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Update Newsletter: Fall 2009

PCC Workshops

During the course of the year, Payment Cards Center industry specialists organize a number of workshops on topics in consumer credit and payments. These internal workshops are most often led by invited presenters and follow a rather informal format. In some cases, the content discussed will lead to written discussion papers or future collaborations with the speaker; in other cases, the workshop will simply serve to educate the audience. Since its inception in 2000, the workshop series has grown to be a focal point for the center's research agenda. From January to October 2009, the Payment Cards Center hosted a record-breaking nine workshops, with two more currently in the planning stages. Highlighted here are some of the workshops hosted during 2009.1

March 2009

Criminals and Payment Cards: Evolving Threats Posed by Criminal Use of Payment Cards and Related Regulatory Challenges

Horacio Madinaveitia and Braddock Stevenson, FinCEN

Topics discussed:

  • Roles payment cards can play in criminal activities such as money laundering, as well as the challenges facing regulators.
  • Regulations currently in place.
  • The potential expansion of the term "monetary instrument" to include stored-value programs and access instruments under the Grassley Amendment to the Combating Money Laundering and Terrorist Financing Act of 2007.
  • Red flags that have been identified by suspicious activity reports (SARs) and/or enforcement actions.
  • How criminals use payment cards and payment card processing systems, and what might be done about it.

April 2009

The Electronification of Transit Fare Payments: An Issuer's Perspective2

James Locke, Jameson Troutman, and Krista Gallagher, JPMorgan Chase

Topics discussed:

  • How the adoption of electronic payments by mass transit operators is likely to alter the course of consumer payments.
  • How one major payment card issuer (JPMorgan Chase) views the electronification of transit fare payment systems.
  • Examination of how the transition from transit fare payment systems based on paper and coin (tickets and tokens) to systems based on payment cards is likely to influence consumer payment behavior outside of transit.

Paper forthcoming.

May 2009

Moving from Rankings to Rating

Joseph Breeden, Strategic Analytics, Inc. (Jointly coordinated with the Federal Reserve Bank of Philadelphia's Supervision, Regulation & Credit Department)

Topics discussed:

  • Credit scores and the U.S. mortgage crisis.
  • Scores and their use with Basel II regulatory capital.
  • Discussion of both the theory and practical aspects of building and using these scores.

June 2009

Limited and Varying Attention in Household Finance: Evidence from Shocks to the Salience of Penalty Fees

Jonathan Zinman, Dartmouth College, and Visiting Scholar, Payment Cards Center

Topics discussed:

  • The impact of varying attention on the payment of bank account and credit card penalty fees.
  • Measurement of fee payment using unusually rich, transaction-level, administrative data that span multiple accounts, across multiple providers, for each consumer.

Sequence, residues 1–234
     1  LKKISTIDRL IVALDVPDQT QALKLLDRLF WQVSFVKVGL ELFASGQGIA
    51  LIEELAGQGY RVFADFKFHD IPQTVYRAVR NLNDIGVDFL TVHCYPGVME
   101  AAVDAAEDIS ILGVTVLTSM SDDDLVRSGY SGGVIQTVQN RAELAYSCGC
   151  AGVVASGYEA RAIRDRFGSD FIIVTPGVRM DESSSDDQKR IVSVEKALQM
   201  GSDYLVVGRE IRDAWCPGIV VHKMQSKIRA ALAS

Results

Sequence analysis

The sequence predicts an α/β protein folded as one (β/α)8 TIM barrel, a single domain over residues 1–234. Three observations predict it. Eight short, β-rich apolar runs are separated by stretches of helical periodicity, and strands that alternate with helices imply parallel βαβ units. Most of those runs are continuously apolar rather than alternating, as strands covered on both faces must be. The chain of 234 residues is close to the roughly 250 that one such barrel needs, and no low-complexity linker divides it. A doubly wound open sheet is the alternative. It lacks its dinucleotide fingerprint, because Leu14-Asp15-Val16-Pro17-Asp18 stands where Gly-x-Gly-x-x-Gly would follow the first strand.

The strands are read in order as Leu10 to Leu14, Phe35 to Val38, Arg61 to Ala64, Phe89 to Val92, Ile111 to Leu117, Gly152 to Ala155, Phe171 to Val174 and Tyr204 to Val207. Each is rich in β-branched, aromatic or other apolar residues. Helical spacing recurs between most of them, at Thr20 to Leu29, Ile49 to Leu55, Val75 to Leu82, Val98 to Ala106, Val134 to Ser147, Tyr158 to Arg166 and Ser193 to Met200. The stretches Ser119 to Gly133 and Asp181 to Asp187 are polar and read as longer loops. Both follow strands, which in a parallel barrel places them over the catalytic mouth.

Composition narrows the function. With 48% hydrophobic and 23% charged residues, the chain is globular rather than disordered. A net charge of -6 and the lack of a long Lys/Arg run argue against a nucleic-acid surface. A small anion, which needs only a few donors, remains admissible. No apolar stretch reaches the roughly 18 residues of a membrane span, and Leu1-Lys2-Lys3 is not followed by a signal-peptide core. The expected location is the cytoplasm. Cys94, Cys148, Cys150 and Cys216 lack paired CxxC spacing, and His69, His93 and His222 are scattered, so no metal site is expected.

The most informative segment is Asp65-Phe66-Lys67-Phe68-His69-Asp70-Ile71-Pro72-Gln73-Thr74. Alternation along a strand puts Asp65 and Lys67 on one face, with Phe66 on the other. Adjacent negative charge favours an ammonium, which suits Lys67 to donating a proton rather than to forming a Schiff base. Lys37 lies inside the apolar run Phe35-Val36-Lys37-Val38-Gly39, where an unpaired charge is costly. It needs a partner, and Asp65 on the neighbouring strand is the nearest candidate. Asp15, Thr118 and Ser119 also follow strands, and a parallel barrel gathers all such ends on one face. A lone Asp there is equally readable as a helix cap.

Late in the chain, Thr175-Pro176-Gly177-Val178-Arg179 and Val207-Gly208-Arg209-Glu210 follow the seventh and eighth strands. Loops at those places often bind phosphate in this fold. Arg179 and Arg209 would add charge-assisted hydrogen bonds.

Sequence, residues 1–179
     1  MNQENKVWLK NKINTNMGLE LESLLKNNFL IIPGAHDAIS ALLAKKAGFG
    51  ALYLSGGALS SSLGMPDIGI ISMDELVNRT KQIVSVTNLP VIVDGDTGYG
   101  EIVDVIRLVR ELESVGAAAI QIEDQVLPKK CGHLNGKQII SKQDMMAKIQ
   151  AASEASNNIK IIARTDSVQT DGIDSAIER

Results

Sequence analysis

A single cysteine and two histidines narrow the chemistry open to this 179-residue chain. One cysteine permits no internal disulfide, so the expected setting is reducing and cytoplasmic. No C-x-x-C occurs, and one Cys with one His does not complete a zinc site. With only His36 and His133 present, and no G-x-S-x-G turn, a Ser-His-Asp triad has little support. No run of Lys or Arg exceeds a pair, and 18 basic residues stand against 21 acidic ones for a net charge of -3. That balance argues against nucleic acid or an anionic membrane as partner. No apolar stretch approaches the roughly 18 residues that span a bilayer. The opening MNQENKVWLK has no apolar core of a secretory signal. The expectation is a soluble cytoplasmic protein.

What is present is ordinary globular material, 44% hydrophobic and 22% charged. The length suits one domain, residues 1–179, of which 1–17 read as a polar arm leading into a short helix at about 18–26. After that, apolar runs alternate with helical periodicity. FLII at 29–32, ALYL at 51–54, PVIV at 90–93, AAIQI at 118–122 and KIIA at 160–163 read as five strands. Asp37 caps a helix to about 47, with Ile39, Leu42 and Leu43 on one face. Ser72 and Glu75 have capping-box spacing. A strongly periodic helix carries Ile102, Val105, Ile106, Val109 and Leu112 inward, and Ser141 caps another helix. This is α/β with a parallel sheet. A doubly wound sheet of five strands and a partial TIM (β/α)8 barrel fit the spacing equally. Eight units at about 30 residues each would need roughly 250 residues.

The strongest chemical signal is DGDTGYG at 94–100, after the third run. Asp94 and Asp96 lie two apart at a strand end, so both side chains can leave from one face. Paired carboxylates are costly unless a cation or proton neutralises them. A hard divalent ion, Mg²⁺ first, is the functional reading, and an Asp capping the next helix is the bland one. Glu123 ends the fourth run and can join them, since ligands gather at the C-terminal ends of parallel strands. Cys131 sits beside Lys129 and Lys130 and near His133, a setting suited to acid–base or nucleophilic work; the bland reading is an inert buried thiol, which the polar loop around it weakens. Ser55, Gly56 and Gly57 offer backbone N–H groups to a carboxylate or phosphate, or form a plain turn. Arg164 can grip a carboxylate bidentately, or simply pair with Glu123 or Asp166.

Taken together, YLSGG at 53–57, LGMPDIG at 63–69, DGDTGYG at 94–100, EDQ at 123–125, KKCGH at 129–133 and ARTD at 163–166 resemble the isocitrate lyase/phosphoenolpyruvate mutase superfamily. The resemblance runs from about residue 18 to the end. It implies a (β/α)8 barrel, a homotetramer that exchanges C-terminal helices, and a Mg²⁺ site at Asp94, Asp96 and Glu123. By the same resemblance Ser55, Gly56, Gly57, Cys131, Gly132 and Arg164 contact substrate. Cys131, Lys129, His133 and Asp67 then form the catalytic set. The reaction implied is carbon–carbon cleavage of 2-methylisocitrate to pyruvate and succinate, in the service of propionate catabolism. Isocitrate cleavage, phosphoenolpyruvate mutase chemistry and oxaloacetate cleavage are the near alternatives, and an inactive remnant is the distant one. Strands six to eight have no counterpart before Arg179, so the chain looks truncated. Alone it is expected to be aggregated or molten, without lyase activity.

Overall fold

• Implications for disclosure policy and firms' strategy.

August 2009

Anatomy of a Data Breach and Heartland's Response

Robert Carr, Heartland Payment Systems

Topics discussed:

  • How the Heartland breach occurred and the company's post-breach efforts to improve coordination and information sharing among merchant acquirers and processors.
  • The need for measures to improve the security of consumer payments and review of three leading technology solutions aimed at better protecting cardholder information: tokenization, EMV/chip and PIN, and end-to-end encryption.

Paper forthcoming.

Discussion Papers

Discussion papers for many of the 2009 workshops are still works in progress; other workshops have broadened our expertise on a particular topic.

One notable Payment Cards Center workshop from the past that relates to current regulatory activity is "Unlocking the Risk-Based Pricing Puzzle: Keys to Cutting Credit Card Costs." The workshop took place in June 2007. This workshop resulted not only in a discussion paper,3 but it also brought together two Federal Reserve entities: the Philadelphia Fed and the Board of Governors. Below is a summary of this workshop's discussion paper, which can be found on the center's website.

Summary: On June 29, 2007, the Payment Cards Center of the Federal Reserve Bank of Philadelphia sponsored a workshop led by Jeanne Hogarth, program manager, Consumer Education and Research Section, Division of Consumer and Community Development Studies and Education, Federal Reserve Board of Governors, to discuss the Board's proposed changes to disclosure requirements for open-end credit, in particular, credit card billing statements and solicitation materials. Hogarth tied the proposed changes to her own research that identified certain behaviors most likely to affect the interest rates consumers pay for credit card borrowing. Given these research findings, Hogarth argued that having access to easily understood information about critical credit card terms and conditions can help consumers make more financially efficient decisions.

Check back at the center's events page4 for event postings and links to associated discussion papers.

Submit Your Ideas

Do you have a research topic that you think would benefit the center's workshop series? Is there a recent topic in the news that you wish to see on the center's research agenda? In 200-500 words, submit your ideas to the Payment Cards Center at philpaymentcardcenter@ E-mail.